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  • Free Portable Enabling Technologies Access Tools http://tiny.cc/accesstools EduApps http://tiny.cc/eduapps274 My Study Bar http://tiny.cc/studybar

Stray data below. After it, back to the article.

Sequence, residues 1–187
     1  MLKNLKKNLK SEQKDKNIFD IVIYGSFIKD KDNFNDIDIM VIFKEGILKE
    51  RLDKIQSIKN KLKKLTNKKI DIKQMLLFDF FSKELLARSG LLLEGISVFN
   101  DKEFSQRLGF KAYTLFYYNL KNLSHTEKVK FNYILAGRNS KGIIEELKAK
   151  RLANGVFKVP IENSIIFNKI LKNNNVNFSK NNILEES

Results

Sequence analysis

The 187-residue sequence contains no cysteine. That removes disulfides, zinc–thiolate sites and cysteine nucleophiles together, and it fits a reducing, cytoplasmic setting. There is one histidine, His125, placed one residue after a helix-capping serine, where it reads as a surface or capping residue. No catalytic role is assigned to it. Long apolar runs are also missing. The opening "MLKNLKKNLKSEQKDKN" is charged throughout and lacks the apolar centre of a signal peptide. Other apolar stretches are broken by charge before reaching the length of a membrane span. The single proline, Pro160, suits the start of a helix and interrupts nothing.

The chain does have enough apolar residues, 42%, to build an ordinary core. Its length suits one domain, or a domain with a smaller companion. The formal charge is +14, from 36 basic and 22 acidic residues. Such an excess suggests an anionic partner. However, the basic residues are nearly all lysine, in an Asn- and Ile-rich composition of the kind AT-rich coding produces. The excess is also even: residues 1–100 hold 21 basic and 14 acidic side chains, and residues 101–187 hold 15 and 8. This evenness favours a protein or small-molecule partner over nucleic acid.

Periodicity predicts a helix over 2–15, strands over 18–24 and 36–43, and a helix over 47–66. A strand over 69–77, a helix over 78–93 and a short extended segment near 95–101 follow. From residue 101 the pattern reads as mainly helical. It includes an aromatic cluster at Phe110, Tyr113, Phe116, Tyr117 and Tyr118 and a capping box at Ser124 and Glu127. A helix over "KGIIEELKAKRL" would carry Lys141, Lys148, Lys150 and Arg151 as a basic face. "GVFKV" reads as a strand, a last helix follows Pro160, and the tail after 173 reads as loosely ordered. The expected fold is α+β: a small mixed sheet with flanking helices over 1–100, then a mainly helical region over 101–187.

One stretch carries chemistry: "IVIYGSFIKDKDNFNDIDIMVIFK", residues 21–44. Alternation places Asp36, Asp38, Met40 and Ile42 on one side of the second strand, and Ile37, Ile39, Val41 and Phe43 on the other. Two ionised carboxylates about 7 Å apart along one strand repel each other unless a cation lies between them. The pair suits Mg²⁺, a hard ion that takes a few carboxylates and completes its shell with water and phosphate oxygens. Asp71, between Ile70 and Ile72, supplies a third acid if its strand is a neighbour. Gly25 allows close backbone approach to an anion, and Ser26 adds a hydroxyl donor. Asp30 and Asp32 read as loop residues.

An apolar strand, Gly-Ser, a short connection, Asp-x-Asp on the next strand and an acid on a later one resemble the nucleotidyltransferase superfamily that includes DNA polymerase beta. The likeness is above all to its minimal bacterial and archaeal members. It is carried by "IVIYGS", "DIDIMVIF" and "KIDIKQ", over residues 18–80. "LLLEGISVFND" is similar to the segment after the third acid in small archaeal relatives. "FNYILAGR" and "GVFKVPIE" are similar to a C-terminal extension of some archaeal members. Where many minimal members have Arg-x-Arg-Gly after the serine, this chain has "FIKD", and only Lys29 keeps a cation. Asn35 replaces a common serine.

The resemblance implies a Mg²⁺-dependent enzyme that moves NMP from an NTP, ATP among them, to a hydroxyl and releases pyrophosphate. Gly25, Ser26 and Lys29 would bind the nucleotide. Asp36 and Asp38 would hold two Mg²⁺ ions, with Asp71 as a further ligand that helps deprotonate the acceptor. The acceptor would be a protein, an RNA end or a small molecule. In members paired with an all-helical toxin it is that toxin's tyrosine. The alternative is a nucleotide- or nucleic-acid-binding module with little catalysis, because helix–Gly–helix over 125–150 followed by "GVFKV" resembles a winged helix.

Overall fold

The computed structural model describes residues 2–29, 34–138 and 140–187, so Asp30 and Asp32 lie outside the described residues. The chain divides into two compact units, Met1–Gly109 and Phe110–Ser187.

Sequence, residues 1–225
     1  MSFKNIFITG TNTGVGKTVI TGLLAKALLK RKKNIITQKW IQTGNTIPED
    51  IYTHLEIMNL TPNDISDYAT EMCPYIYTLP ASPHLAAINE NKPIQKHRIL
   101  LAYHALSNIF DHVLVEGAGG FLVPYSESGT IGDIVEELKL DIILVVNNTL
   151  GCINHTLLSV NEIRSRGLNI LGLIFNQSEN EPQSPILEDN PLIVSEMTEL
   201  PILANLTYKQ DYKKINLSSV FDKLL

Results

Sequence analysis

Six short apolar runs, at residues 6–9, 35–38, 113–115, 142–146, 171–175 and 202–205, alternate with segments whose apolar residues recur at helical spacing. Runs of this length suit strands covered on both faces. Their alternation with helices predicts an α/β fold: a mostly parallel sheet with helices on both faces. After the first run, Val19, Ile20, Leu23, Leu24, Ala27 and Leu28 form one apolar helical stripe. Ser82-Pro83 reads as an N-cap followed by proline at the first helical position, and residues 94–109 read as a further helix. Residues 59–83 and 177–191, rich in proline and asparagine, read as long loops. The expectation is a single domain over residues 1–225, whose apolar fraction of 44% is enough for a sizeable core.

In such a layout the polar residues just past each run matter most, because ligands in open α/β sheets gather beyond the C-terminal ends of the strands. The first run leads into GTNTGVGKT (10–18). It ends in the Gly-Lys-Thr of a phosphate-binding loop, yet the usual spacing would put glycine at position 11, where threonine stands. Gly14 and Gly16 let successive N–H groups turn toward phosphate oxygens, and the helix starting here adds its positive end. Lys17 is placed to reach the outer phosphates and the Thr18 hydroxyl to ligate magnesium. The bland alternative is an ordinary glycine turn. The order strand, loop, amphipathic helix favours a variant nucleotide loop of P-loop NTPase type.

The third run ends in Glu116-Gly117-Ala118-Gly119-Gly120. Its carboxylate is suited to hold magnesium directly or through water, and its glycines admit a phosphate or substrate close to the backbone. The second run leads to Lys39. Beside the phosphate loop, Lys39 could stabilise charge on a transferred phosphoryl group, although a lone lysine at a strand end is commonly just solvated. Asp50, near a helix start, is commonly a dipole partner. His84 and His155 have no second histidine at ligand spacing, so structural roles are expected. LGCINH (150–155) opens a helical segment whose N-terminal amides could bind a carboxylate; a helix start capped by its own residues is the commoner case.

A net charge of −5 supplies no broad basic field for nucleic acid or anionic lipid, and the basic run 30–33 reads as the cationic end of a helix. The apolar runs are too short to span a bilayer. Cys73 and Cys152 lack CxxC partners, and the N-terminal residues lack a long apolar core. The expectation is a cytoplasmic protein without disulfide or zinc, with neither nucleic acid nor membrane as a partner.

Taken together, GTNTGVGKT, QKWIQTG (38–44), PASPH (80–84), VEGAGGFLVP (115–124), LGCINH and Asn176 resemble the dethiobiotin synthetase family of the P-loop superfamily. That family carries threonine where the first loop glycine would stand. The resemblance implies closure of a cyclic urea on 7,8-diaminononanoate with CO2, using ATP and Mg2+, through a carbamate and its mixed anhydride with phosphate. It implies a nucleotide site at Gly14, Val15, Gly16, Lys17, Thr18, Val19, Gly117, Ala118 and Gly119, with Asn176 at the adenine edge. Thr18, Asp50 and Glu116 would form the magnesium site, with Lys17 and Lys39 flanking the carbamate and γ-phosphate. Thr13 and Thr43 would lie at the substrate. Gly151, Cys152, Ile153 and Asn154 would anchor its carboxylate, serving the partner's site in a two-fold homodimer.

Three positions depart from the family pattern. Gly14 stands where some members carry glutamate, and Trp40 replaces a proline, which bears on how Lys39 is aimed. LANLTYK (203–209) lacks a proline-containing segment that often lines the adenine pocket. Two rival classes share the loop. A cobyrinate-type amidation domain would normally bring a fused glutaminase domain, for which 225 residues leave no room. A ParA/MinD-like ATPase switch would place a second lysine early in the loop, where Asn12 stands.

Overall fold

• 20/11/12 There are a number of ways of categorising assistive technologies but the one that has most direct relevance for teaching and learning is that developed by TechDis which maps the process of learning to the tasks needed to engage in the process to the tools needed to complete the tasks. When a student engages in learning a new subject they generally go through a learning process in which they first reflect on their current knowledge or skill, they then introduce and exemplify their new knowledge and skills. Students then test their new understanding by completing specific assignments. In order to go through this process of learning a student would have to interact with resources, record information and plan and write responses. Using this approach to learning we are able to identify seven genres of ‘Assistive Technology’ which may be used by the learner at any stage of the process. These genres include assistive technology ranging from traditional ‘Assistive Technologies’ such as alternative interfaces (tracker balls, adapted keyboards, screen readers) to less widely recognised (but much more widespread) assistive technologies such as visualisation tools – videos and animations. The full list includes reading tools, alternative interfaces, visualisation tools, recording tools, planning tools, communication tools and writing tools. The benefits of this approach are threefold: The focus is on learning not technology, disability or medical condition. A single category (for example read assist tools) may contain a wide range of alternative solutions ranging from high tech to low tech and even pedagogical solutions. A single technology may provide a solution for more than one accessibility need – for example the use of styles and outline in Microsoft Word can provide both a reading tool and a planning tool. Note the distinction between the traditional screen reader which we regard as an alternative interface, and text to speech which we regard as a reading aid. The former makes information on the monitor (including navigation, structural layout and text etc) accessible to a blind user. The latter makes the meaning of text more accessible to a print disabled user who can see the text but not make sense of the meaning. Note also that the same tool (for example alternative interfaces) may be used at more than one stage of the learning cycle.